The issue with your reasoning is that there is very little demand from Manchester to Indiana. I'd be surprised if a single if a single city in the Midwest other than Chicago had PDEW numbers in the double digits.

Manchester's demand is, somewhat unsurprisingly, skewed to Florida, NYC, BOS, LAX, SFO, LAS, with everything else much, much smaller. VS/DL serve most of the largest destinations non-stop, and have JFK/ATL for connections. This is why AA struggled with Chicago and are down to a 767 to PHL and UA dropped IAD, they are basically serving connecting passengers that VS was serving better.


Please you can't say AA struggled operating ORD-MAN because then you'd have to say they struggled with ORD-FRA and that that was also not a sustainable route. AA operated ORD-MAN for years before they started to pull down their international flying from ORD.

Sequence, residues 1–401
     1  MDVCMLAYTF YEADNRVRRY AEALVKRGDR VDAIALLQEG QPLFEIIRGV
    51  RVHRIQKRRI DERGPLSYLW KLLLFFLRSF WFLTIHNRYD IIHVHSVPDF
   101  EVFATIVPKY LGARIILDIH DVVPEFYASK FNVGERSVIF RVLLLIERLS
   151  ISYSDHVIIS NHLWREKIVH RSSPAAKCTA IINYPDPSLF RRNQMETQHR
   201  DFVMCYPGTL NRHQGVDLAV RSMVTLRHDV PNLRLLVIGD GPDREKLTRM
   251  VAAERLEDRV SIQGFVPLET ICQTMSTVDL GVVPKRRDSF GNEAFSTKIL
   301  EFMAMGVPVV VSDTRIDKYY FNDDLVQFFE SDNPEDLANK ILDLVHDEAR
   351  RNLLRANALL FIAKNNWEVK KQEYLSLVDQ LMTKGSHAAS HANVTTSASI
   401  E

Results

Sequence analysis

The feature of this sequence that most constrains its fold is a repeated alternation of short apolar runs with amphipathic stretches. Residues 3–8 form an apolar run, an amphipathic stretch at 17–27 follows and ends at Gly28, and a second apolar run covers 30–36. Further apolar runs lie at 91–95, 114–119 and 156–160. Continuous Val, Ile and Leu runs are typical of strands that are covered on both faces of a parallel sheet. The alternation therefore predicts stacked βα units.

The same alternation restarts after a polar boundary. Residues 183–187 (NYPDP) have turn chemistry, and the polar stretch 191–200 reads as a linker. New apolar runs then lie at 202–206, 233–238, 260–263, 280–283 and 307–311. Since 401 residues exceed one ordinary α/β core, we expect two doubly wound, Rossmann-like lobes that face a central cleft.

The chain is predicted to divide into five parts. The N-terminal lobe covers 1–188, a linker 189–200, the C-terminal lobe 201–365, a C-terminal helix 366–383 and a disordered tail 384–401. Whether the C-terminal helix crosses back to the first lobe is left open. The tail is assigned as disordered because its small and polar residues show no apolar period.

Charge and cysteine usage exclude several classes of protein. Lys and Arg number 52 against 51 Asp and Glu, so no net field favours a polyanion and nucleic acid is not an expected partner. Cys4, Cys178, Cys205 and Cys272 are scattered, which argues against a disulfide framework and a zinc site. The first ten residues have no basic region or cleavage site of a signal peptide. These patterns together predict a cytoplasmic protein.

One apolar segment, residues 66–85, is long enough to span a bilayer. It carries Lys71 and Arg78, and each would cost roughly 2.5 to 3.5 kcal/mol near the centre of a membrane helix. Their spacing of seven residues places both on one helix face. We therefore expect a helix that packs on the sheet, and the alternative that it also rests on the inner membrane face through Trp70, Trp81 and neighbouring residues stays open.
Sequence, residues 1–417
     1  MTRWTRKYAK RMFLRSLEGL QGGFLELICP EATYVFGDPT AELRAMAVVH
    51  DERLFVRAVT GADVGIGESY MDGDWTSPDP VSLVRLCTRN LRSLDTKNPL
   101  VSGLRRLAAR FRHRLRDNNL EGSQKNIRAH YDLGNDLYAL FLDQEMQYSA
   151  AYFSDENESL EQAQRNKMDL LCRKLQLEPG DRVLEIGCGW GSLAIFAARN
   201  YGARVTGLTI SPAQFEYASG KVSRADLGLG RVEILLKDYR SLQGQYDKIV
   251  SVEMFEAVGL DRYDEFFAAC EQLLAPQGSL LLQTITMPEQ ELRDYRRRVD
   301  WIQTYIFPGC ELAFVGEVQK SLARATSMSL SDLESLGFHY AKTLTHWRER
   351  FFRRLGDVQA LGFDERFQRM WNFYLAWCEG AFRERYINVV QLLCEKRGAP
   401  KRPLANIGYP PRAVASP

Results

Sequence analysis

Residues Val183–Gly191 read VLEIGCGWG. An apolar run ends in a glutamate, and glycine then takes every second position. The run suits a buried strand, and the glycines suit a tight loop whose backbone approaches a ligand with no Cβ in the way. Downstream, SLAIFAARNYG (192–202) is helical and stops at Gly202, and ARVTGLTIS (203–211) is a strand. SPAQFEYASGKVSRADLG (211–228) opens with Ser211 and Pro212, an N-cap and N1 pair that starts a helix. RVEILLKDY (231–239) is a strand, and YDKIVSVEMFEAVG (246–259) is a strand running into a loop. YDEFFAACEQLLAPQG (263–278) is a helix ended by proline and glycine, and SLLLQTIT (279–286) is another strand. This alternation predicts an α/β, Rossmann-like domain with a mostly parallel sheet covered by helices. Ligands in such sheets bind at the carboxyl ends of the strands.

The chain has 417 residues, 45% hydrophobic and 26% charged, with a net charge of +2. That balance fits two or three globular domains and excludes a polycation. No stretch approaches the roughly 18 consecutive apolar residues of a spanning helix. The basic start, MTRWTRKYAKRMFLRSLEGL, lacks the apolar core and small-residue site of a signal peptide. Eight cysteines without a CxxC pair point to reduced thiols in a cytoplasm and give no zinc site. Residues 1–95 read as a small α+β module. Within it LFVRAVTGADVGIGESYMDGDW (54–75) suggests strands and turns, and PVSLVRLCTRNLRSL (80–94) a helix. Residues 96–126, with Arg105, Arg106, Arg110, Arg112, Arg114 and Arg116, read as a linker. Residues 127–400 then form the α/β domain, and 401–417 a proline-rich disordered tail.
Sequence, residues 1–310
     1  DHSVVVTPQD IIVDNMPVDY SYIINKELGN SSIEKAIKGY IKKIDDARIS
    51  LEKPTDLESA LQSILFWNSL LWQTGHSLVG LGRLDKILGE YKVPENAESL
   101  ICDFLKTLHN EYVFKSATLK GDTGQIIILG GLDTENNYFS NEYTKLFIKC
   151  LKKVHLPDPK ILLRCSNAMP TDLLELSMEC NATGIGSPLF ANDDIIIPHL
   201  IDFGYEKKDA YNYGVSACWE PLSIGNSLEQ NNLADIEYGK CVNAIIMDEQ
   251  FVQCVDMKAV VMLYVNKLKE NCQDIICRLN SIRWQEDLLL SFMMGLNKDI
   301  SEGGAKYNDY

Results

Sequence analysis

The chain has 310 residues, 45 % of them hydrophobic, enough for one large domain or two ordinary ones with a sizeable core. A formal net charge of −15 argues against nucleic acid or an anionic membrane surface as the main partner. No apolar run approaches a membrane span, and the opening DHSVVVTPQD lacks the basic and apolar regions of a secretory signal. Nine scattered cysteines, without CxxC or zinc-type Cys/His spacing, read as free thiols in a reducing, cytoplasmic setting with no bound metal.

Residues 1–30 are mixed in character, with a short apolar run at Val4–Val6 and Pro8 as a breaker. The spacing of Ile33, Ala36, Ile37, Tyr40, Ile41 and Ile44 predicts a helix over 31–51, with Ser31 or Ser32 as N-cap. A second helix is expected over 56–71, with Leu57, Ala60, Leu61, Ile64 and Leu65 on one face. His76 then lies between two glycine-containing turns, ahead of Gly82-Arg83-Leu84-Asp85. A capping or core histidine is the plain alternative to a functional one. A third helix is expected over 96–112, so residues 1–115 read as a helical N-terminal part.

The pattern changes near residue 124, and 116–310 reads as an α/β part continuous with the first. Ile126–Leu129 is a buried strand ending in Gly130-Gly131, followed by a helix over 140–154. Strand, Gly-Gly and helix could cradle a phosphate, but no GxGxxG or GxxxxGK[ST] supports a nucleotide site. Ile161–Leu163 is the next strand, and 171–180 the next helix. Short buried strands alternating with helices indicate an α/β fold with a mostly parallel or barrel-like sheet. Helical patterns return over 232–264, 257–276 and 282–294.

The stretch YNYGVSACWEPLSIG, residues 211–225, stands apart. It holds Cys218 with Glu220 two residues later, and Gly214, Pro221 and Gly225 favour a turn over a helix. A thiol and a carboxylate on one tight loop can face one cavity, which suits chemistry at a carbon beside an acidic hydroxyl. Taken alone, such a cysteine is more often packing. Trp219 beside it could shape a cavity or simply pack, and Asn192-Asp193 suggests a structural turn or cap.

I'm well aware of that route being around for a long time. I first flew it in March 1992, and it dates back to the 80s.

AA have chopped and changed over the past few years with terrible reliability (e.g. 757s in winter) which destroyed their reputation, and picked up PHL which was traditionally a strong route for US Airways, but that route has also dwindled somewhat.

United are also smaller than they were a decade ago, even with switching to the 767.

Some of the traffic that AA/US/CO were carrying 10 years ago has shifted to VS/DL. That much is pretty undeniable given that the former have shrunk while the latter have grown significantly.
Worked Hard, Flew Right
 
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Re: Manchester (UK) Thread - 2019

Tue Nov 19, 2019 12:34 am

https://www.transtats.bts.gov/carriers.asp?pn=1